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Empowering Wheels: Linda Pitman’s Revelations on Women’s Journey in Auto Recycling and ARA Presidency

Auto Recycling World had the pleasure of conversing with Linda Pitman, an esteemed figure who served as the President of the Automotive Recyclers Association (ARA) in 2008. Linda shares insights into her extensive background within the US auto recycling sector, the evolution of women’s roles in the industry, the significance of ARA membership, and her continued commitment through the ARA Scholarship Foundation.


Empowering Wheels: Linda Pitman's Revelations on Women's Journey in Auto Recycling and ARA Presidency p
Linda Pitman (inset)

A Journey from Salvage Yards to ARA Presidency in 2008

I grew up in the auto recycling community because my Dad began his salvage yard in 1947. After graduating from college, I went to work in the family business.  It would only be a year or so, but I ended up staying over 40 years.

My Dad became involved in the ARA ( then known as (natwa) in the early 1960s and served as President in 1970.  Perhaps then, in the back of my mind, I thought someday I might be president. I began to attend ARA conventions in the 1990s. After a couple of years, I got involved with several committees. The longer I served on those committees, the more involved I became. The feelings of belonging and participating in my industry grew stronger.  In a sense, it felt good to contribute to the industry that generously supported my family’s chosen field.

The idea of being president was still there, and I later became president of the Scholarship Foundation, which I believe began the journey to becoming president of the ARA. Also, my Dad and I are the only father and daughter to have been president of ARA – a distinction that I hope is added to by a few more fathers and daughters at some point in ARA history.

The Ascendance of Women in Auto Recycling and ARA Leadership

In the 1970s, the industry was heavily male-dominated, with women mainly involved in bookkeeping or answering phones. Computers and the internet were non-existent, requiring manual interchange book searches. Initially marginalized, women gradually integrated, handling administrative duties and working alongside men. They contributed to “cleaning up” facilities and changing industry culture. Women adeptly managed paperwork and research as environmental regulations emerged, showcasing patience. Over time, women assumed broader roles, engaging in advertising, computer advancements, and staying informed about industry changes. Today, women own, manage, and work in various capacities within the automotive sector, demonstrating their indispensable contributions and paving the way for future involvement.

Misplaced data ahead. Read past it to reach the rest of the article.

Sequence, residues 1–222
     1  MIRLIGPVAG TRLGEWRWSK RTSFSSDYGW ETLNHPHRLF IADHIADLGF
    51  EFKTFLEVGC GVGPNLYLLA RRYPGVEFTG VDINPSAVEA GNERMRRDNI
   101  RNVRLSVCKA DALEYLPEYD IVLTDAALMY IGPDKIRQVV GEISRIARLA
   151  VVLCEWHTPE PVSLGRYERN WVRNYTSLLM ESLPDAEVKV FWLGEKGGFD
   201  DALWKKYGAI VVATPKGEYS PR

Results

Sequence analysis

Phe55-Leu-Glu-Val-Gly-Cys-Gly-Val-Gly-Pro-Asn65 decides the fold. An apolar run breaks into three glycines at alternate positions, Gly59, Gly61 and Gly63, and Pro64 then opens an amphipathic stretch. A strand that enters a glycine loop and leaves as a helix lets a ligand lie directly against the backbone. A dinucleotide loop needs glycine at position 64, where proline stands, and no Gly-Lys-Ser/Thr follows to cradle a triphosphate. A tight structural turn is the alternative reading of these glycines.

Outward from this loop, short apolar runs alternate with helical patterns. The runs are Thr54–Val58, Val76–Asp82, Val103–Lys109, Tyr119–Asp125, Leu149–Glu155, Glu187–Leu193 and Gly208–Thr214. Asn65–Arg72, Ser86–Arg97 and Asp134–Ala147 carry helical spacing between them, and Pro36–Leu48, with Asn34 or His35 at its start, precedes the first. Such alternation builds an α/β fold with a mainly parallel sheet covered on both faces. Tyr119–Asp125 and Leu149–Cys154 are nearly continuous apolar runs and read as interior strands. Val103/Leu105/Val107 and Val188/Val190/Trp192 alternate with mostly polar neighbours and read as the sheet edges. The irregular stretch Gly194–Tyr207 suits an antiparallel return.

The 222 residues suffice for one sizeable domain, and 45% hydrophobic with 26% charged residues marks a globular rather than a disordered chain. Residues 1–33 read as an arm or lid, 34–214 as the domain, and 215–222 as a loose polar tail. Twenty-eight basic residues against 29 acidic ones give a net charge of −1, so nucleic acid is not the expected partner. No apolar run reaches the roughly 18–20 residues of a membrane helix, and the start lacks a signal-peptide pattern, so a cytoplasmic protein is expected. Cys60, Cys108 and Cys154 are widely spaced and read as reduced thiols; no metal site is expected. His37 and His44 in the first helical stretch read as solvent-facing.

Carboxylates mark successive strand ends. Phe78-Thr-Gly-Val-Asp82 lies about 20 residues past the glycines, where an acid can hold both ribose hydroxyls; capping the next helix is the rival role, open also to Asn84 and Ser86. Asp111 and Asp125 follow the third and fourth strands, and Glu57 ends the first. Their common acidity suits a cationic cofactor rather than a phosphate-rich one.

As the third female president, I have witnessed more and more women becoming part of the association and in facilities across the country.  There are now women not only participating in ARA as member facilities but also female vendors serving our association and industry.

ARA Membership: Navigating Industry Shifts and Fostering a Recycler’s Family

To me, being a member of the ARA has been and is still important.

The federal level regarding the recycling industry undergoes frequent changes these days. ARA keeps a close watch on all things pertaining to auto recycling and continues to help with laws affecting the industry as well as mandates from government such as EPA and OSHA.  Also, with things like the ARA University, training is available on levels for ARA members and their employees.

Empowering Wheels: Linda Pitman's Revelations on Women's Journey in Auto Recycling and ARA Presidency p two

Most important (at least to me) is the feeling of family within ARA. Recyclers have a chance to meet other recyclers and learn that we all have the same problems and/or concerns. Attending conventions is nice to catch back up with others, you know, an excellent time to meet others and learn new things that have happened. I have made friends through the years with many recyclers, and they remain friends. You can rest assured that other members are willing to help you with any problems, concerns, or ideas. From facilities with five employees to those with 50 employees, it’s a family, and I am still very proud to be associated with it.

ARA Scholarship Foundation’s Legacy and Impact

The Scholarship Foundation was set up in the 1960s. It was started to help member facilities employees’ children have scholarships for higher education. This is one of the benefits of an ARA membership. Only direct members can have their employees’ children apply. For a student to apply, it may now be for college or trade schools. It is our hope that some of these students will go into the recycling industry. I still serve on the Foundation as secretary/treasurer and was honored to serve as its president for several years.

ARA Membership and the Power of Staying Informed

I think the main thing is to ‘pay attention’. Try to keep up with changes within the industry and especially be a part of ARA. The dues are worth every cent. The association helps its members with many aspects of the industry they may need help with or more information on. It can make your one voice into many voices on many issues.